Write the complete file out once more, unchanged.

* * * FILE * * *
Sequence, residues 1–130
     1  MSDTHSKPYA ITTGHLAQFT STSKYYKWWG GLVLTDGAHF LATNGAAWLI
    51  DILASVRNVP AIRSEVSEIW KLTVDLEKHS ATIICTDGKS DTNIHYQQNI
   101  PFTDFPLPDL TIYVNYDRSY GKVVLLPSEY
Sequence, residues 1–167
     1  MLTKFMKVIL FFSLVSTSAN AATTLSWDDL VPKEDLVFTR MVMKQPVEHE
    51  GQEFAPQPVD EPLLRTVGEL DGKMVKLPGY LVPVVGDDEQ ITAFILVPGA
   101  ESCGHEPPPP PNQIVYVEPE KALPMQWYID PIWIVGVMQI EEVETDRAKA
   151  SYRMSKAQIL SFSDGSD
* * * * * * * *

Sequence, residues 1–130
     1  MSDTHSKPYA ITTGHLAQFT STSKYYKWWG GLVLTDGAHF LATNGAAWLI
    51  DILASVRNVP AIRSEVSEIW KLTVDLEKHS ATIICTDGKS DTNIHYQQNI
   101  PFTDFPLPDL TIYVNYDRSY GKVVLLPSEY
Sequence, residues 1–167
     1  MLTKFMKVIL FFSLVSTSAN AATTLSWDDL VPKEDLVFTR MVMKQPVEHE
    51  GQEFAPQPVD EPLLRTVGEL DGKMVKLPGY LVPVVGDDEQ ITAFILVPGA
   101  ESCGHEPPPP PNQIVYVEPE KALPMQWYID PIWIVGVMQI EEVETDRAKA
   151  SYRMSKAQIL SFSDGSD